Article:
Additionally, it’s a good idea to create separate partitions for log files, temporary files, and backups. This helps keep your server organized and makes it easier to manage. It also ensures that important data isn’t lost due to disk space constraints.

6. Separate /boot from /

The /boot partition contains the Linux kernel and other essential files needed to boot the system. If this partition is corrupted, it can cause serious problems with the server’s ability to boot up properly. By separating /boot from /, you are protecting these important files from any potential corruption that could occur in the root directory.

Additionally, if you ever need to upgrade your kernel or make changes to the boot configuration, having a separate /boot partition makes it much easier to do so without affecting the rest of the system.

7. Separate swap space from root partition

Swap space is used to store data that would otherwise be stored in RAM, but can’t fit due to memory constraints. This means that if the root partition runs out of space, it will start using swap space as well, which can lead to performance issues and even system crashes. By separating swap space from the root partition, you ensure that your system has enough room for both RAM and swap space, so that it can run smoothly without any problems.

8. Create a separate partition for backups

Having a separate partition for backups ensures that your data is stored in an isolated environment, which helps protect it from any malicious activity or system failure. Additionally, having a dedicated backup partition allows you to easily restore files and settings if something goes wrong with the main operating system partition.

Finally, creating a separate partition for backups also makes it easier to manage disk space. By keeping all of your backups on one partition, you can quickly identify how much storage space is being used by backups and adjust accordingly.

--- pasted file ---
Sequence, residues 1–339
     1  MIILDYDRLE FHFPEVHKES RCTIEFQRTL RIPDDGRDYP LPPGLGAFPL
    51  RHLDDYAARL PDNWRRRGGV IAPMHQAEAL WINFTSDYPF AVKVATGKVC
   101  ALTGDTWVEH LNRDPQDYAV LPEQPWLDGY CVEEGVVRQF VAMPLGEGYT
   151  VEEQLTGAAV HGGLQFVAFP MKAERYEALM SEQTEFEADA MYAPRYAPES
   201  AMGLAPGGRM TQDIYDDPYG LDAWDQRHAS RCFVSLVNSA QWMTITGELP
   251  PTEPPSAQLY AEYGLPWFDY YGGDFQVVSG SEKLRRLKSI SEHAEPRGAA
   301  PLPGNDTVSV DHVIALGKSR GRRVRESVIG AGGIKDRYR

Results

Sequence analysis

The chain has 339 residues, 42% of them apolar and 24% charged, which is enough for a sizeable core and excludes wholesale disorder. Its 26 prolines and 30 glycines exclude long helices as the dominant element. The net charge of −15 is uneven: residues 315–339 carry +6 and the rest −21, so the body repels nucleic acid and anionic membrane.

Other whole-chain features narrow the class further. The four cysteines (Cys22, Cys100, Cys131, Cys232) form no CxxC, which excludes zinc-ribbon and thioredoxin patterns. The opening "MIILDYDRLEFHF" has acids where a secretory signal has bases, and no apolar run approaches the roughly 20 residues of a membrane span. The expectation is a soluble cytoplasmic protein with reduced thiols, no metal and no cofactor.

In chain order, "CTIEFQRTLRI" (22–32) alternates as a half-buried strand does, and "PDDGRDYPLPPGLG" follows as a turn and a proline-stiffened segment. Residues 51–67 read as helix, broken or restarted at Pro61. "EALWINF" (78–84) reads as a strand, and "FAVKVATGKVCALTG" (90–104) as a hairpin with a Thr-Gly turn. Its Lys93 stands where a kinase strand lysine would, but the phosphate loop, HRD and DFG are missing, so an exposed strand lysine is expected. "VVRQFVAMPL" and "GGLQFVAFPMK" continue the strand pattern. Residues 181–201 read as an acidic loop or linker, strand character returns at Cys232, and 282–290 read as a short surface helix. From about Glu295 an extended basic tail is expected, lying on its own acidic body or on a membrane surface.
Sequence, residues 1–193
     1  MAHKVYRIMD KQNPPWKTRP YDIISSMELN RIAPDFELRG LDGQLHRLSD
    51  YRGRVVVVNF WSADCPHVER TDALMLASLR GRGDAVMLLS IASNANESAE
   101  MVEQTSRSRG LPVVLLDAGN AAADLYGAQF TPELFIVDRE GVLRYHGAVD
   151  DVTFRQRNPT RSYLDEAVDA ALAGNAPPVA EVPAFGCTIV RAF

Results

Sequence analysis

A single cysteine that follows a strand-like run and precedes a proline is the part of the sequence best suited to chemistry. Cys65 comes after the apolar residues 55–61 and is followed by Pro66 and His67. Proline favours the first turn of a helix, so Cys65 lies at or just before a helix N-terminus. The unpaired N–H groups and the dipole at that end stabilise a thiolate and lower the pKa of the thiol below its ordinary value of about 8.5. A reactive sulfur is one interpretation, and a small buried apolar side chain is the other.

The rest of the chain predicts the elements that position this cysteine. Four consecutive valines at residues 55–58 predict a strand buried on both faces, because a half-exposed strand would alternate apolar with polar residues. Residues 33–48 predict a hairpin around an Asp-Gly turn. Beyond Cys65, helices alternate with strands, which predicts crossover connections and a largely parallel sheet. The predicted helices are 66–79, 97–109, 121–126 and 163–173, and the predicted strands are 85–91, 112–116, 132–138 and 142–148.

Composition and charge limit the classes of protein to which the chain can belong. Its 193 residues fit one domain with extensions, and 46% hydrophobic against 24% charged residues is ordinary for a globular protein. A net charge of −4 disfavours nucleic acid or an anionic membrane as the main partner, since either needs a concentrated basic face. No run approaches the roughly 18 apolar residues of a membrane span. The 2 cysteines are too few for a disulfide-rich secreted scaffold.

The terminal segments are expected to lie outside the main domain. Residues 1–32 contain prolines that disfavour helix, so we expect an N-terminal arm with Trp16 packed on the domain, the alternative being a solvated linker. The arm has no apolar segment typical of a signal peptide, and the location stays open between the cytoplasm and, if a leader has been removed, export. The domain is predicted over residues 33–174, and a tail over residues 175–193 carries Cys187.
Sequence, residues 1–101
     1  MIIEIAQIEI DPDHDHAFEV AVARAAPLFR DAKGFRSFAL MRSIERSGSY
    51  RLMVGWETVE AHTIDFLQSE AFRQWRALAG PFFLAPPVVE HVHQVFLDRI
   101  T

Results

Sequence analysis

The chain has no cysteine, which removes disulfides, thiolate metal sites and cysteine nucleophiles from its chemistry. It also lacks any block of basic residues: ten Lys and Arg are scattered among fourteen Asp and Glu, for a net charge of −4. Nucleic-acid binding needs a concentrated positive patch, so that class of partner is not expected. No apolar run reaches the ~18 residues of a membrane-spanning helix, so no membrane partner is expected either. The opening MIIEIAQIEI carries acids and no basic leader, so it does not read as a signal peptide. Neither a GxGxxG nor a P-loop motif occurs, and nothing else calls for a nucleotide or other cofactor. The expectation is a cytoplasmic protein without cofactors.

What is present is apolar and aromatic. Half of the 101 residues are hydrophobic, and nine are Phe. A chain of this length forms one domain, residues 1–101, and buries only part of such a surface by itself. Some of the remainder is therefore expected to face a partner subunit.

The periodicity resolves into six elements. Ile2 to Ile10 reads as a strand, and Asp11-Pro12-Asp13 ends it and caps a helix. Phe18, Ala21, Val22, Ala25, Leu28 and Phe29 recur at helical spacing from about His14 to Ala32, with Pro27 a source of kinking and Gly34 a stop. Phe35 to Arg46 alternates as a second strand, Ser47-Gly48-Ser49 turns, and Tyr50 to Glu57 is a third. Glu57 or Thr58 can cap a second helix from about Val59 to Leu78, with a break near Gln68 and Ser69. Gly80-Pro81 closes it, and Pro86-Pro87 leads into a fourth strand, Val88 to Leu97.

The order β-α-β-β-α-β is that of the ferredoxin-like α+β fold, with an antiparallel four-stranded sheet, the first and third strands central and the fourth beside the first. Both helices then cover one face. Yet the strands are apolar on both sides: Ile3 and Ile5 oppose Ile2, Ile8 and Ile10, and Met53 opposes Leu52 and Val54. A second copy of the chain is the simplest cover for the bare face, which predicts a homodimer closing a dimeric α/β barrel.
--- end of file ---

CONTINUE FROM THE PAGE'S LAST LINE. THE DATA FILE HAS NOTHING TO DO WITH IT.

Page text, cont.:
9. Do not use bind mounts

Bind mounts are a type of mount that allows you to mount the same directory or file system in multiple locations. This can be useful for certain applications, but it also has some drawbacks.

The main issue with bind mounts is that they can cause confusion when trying to manage files and directories. For example, if you have two different versions of a file mounted in two different places, it can be difficult to keep track of which version is the most up-to-date. Additionally, changes made to one version may not be reflected in the other, leading to inconsistencies.

For these reasons, it’s best to avoid using bind mounts whenever possible. If you do need to use them, make sure you understand how they work and take extra care to ensure your data remains consistent across all versions.

10. Do not create too many partitions

Having too many partitions can lead to a decrease in performance, as the system has to search through multiple partitions for data. It also increases the complexity of managing your server, as you have to keep track of which partition contains what data. Finally, it can cause confusion when trying to troubleshoot issues, as it’s not always clear which partition is causing the problem.

Therefore, it’s best to create only the necessary partitions and avoid creating unnecessary ones. This will help ensure that your Ubuntu Server runs smoothly and efficiently.